It's even less of a cause for anxiety in the world of gaming. For better or worse, games aimed at men that include all the things that attract men aren't going anywhere. The appeal to masculine sensibilities is still present in movies and any other entertainment you can point to and it will always be present in gaming as long as men want it. The benefits we'll see by welcoming women to gaming as both developers and players are a more diverse selection of gaming themes and mechanics, expansion of the audience and growth of the industry that benefits everyone involved.
The biggest problem behind incidents like the Newtown shootings isn't video game violence or guns, althought I currently think they can both contribute negatively to an individual situation. The main issue is mental health is mostly ignored in the US and when it comes up the person with the problems is a "psycho nut-case freak". The American public needs to be educated about mental health, the diseases and conditions need to be de-stigmatized and people who seek treatment should be encouraged, not demonized or ridiculed. Most importantly there needs to be somewhere to go when a problem is reaching crisis proportions. A mental disorder should be seen and treated no differently than asthma or any other disease.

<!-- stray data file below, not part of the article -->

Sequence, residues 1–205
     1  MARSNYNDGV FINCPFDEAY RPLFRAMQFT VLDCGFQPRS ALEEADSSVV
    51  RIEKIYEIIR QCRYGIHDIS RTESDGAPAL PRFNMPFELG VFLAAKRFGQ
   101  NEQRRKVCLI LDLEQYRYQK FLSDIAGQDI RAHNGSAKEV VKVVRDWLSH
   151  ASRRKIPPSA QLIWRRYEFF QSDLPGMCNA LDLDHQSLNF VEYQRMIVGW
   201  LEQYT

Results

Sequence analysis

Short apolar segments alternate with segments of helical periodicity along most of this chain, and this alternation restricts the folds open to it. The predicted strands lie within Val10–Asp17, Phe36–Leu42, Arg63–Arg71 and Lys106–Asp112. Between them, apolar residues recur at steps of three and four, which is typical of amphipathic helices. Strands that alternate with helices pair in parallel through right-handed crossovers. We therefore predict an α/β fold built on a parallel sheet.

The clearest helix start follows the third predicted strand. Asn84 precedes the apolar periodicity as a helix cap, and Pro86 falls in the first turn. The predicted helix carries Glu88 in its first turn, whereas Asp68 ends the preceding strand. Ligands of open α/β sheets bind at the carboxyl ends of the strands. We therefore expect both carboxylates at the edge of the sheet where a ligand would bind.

From what we know, the Sandy Hook shooter's mother tried to treat his mental issues herself. (http://soa.li/YkqZPGl) She apparently avoided getting him any sort of professional treatment. His issues obviously just kept getting worse. She bought him dozens of the most violent games available. Bought him multiple guns (legally...). No one knows if she was worried when his obsession with mass-murderers was organized into a spreadsheet that took a 4 foot wide printer to produce in something like a 9 point font. By all accounts she tried to do right by her son, but it seems like she didn't know how to go about it right and didn't ask for help from people who do. Rather she isolated her son and herself into an insular little world. Why? As far as I can see, either because she didn't want the stigma associated with a serious diagnosis or ( more likely) people here in the US have no idea where to go with a problem that's getting bad like this one.